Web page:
A new innovation we've introduced on the Creative Writing MA at Edinburgh Napier Unveristy is a module called Creative and Editorial Development. In the past we offered students six hours of one-to-one mentoring, but this happened outside teaching modules.
Now we have transformed mentoring into a long, thin module that runs over two trimesters - and it earns every student credits towards their MA. The new module has only been running for one trimester so far, but the results have been very encouraging.
We think mentoring is a crucial part of each student’s learning journey, preparing them for life as a self-sufficient writer when they will be working one-to-one with an editor, agent, artist, development executive, script editor or another creative collaborator.
We've also introduced a teaching internship scheme. Graduates from the last cohort are leading study groups and using their experiences on the course to help current students. We asked the interns to talk about the value of mentoring on our unique MA course.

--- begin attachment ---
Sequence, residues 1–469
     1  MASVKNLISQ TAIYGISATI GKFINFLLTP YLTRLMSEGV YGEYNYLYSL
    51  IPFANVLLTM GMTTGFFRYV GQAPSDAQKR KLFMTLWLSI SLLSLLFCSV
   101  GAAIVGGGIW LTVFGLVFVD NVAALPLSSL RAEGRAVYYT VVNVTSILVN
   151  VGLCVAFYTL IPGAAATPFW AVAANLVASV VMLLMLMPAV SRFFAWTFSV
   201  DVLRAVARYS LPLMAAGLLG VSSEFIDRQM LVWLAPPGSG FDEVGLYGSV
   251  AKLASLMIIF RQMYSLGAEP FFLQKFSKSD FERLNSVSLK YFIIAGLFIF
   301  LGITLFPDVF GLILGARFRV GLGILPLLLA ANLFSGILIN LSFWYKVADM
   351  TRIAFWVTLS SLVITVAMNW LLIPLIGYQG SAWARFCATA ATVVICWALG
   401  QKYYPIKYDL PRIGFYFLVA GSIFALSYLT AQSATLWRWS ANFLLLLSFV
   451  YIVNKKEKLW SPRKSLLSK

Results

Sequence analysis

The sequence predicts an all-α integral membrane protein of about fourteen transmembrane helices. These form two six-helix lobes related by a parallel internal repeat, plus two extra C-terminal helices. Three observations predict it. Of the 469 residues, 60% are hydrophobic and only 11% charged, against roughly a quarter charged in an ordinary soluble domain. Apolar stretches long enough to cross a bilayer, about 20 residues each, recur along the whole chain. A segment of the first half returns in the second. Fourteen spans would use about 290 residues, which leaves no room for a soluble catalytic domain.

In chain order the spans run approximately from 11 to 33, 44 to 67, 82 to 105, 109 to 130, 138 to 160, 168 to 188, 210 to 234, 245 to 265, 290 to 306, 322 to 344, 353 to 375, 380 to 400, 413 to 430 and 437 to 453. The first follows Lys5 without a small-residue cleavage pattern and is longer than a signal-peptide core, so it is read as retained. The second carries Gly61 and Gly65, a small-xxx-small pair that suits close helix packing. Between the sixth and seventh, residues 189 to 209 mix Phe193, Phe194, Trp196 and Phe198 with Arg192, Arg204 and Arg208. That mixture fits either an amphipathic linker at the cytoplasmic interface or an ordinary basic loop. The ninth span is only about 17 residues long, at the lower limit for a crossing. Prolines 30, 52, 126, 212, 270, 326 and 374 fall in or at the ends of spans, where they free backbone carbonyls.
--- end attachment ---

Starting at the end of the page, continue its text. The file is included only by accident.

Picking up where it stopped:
Errol Rivera: “Mentoring is what makes this course unique. It helps not to think of your mentoring sessions as a personal workshop. When I stopped expecting answers or approval from my tutors, we started working like partners and some amazing things happened. What could have been a lesson become a conversation. Like everything else on this course, the focus is development - not solipsism.”
Laura Clements: “If you're serious about taking your writing further as a career, it's important to throw yourself into the editorial relationship. The first thing you have to do is identify a purpose for yourself as a writer and a purpose for your writing. This isn’t something that you will necessarily be able to set in stone at the offset, but it will evolve with the progression of your work over the year. Mentoring is the environment in which this can happen.”
Nicole Brandon: “It sounds strange to think of having a conversation as a professional skill, but you're here to learn how to be a professional writer and part of that craft involves words off the page, too. Being able to put together a conversation about your craft, your work and your future is just as important as being able to put together any piece of writing. Without being able to contribute to – and, sometimes, direct – these conversations, you'll have a tough time being taken at your due as a professional writer. How else can people know what you're about, if you can't tell them?”